Palm Fleshes Out Legacy App Strategy for the Pre
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But at least one naysayer disagrees, calling it "a last resort offering."
MotionApps is creating an emulator application that will allow the Pre to run most applications designed for Palm's earlier operating system, called Palm OS. The emulator, called "Classic," will be available for purchase when the Palm Pre phone becomes available from Sprint in the first half of 2009.
For its part, Palm (NASDAQ: PALM) appears to be positioning the emulator as a tool to facilitate the switch to its new mobile platform webOS, saying "it gives users peace of mind as they transition."
Since Palm OS applications running in Classic won't be able to leverage core webOS functionality, Palm said it is working with partners to ensure that popular Palm OS applications are made available on the webOS platform. In the meantime, the emulator is aimed at providing provide Palm users the opportunity to use Palm OS-compatible apps on the Pre.
While some observers say this is a bonus for the Palm Pre, Gartner analyst Ken Dulaney said the move has limited advantages.
"A Palm OS emulator will only make sense for enterprise business applications. If Palm thinks that consumers will want to run legacy Palm applications, they need to think again," Dulaney told InternetNews.com. "If this means that Palm is trying to shore up their application offerings to consumers by bringing these over, they need to reassess. They need new, fresh applications that are designed to compete against iPhone. It's a nice thing to do but it shouldn't be anything but a last-resort offering."
Palm, meanwhile, is sticking to its guns, indicating that the emulator serves a key purpose in paving the road for future applications.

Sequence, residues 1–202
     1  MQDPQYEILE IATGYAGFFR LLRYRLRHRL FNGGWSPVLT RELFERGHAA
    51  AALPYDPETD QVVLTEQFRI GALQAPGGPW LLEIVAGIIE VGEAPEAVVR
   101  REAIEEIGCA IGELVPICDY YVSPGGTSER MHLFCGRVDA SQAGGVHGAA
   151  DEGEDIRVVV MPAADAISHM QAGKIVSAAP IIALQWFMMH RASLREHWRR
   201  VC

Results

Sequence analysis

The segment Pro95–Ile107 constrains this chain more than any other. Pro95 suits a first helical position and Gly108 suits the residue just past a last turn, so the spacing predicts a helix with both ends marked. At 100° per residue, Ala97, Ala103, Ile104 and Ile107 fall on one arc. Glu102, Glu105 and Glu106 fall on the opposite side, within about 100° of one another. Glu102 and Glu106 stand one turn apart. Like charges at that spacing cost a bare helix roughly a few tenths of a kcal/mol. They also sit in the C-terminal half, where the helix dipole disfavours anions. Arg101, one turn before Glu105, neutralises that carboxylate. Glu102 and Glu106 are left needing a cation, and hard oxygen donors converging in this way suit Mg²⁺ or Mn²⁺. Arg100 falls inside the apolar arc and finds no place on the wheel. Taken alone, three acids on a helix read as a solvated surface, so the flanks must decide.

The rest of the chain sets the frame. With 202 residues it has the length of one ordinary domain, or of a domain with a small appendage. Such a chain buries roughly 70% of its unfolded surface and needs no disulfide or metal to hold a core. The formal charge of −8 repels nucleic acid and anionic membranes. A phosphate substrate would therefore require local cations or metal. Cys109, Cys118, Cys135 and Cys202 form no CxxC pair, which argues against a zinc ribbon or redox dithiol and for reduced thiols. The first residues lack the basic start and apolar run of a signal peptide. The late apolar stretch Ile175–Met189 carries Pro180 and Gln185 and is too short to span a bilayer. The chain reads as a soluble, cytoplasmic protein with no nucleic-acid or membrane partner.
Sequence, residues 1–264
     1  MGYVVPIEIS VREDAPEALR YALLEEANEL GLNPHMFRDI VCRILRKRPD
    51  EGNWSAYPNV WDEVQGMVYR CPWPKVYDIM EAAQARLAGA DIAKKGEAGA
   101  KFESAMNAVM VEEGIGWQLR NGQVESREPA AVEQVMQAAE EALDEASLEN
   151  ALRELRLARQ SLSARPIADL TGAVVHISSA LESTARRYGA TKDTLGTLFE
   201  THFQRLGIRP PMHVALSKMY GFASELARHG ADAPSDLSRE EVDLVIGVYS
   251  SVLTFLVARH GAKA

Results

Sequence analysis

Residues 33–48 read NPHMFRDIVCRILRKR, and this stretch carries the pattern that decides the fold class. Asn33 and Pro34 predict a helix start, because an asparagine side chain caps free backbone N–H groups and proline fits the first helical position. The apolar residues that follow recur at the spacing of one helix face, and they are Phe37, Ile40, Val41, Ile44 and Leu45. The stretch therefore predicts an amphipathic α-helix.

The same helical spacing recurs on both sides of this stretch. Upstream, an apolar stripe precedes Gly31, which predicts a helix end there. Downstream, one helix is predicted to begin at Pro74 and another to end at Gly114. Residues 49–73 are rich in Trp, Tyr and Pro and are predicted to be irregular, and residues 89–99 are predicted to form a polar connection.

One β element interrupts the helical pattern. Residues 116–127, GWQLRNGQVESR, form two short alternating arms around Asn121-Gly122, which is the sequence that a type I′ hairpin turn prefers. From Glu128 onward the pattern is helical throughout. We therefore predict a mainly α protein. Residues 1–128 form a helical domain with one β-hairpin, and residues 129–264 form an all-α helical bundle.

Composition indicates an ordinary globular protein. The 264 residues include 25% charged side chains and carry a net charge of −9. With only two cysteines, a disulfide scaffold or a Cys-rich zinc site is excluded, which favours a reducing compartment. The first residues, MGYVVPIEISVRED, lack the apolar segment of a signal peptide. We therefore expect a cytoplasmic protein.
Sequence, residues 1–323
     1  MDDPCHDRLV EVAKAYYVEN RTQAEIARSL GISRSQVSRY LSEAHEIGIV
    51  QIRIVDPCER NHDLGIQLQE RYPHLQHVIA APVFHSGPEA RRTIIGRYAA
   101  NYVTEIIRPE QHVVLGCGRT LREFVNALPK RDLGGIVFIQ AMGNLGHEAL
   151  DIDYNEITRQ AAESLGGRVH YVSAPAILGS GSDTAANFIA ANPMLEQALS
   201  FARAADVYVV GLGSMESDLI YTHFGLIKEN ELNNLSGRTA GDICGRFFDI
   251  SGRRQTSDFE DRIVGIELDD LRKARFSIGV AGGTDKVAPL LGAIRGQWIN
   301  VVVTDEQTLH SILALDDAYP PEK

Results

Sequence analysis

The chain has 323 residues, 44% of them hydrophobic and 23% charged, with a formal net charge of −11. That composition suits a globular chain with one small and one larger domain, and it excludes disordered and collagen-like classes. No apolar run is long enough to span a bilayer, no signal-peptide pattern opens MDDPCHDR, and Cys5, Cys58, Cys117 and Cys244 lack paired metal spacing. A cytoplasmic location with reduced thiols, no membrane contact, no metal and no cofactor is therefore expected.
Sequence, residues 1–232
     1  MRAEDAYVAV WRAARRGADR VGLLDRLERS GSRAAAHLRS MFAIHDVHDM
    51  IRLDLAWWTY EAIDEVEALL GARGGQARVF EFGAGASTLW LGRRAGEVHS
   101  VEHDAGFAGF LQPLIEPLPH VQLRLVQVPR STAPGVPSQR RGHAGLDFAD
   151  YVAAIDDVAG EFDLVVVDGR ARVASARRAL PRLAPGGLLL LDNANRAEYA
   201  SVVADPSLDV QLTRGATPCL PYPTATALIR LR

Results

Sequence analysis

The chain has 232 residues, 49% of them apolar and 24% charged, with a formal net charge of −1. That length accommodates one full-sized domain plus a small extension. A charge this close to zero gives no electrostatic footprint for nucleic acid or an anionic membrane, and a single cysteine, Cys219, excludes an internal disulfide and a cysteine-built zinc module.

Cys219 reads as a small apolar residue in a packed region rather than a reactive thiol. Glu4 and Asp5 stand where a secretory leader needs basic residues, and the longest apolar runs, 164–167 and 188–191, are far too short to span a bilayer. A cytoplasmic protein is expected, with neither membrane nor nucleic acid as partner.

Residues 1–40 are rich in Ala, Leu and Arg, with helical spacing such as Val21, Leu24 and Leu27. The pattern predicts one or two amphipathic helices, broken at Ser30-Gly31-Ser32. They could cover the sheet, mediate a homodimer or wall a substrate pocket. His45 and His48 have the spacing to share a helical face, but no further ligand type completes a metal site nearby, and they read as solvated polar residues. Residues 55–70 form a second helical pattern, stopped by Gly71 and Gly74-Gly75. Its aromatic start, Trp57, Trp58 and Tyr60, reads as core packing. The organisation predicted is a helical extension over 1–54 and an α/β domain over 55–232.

"The emulator is great for all those people with a library of old apps they will still want to use, but we're also coming out with new apps for webOS with lots of partners," a Palm spokesperson told InternetNews.com. "For instance, Pandora, Fandango, SprintTV, and with the SDK we're seeing lots of developer interest. Palm will also have its own mobile app store, too, so we'll definitely be competitive in this space."
Pre's ship date remains a mystery
Despite plenty of buzz in the industry, Palm is still mum on any specific release information for the Pre, although it's maintaining that the smartphone is still on its way.
"Palm is still on track to deliver Pre by the middle of this year," a company spokesperson told InternetNews.com.
The news comes at a time when industry observers are looking to gauge Palm's ability to make a comeback following years of slow declines -- while rivals like Research in Motion's (NASDAQ: RIMM) BlackBerry and Apple's (NASDAQ: AAPL) iPhone made inroads into the mobile device and smartphone spaces.
Much of the industry will be watching how Palm fares with the Pre, as many observers have said the company's fate is virtually tied to whether it can successfully introduce the device to the market on time -- and if the Pre line has what it takes to succeed over the long term.
There's a lot of catching up to do - RIM just last week posted impressive earnings for the third quarter, beating estimates across the board, and opened its BlackBerry App World, while the iPhone continues to dominate market share.
Still, Palm continues to gain momentum, with positive first-look impressions from reviewers and analysts.
In other Palm news, the company is opening its Mojo Software Development Kit (SDK), used by developers to integrate their applications into core webOS functionality, on a limited basis with general availability slated for later this year.
"Developers are an incredibly important part of the webOS ecosystem, and we're eager to get the SDK into their hands," Michael Abbott, senior vice president of Palm's application software and services unit, said in a statement. "Now that the SDK will be available to a broader base of developers, we think the enthusiasm for webOS will only grow and accelerate."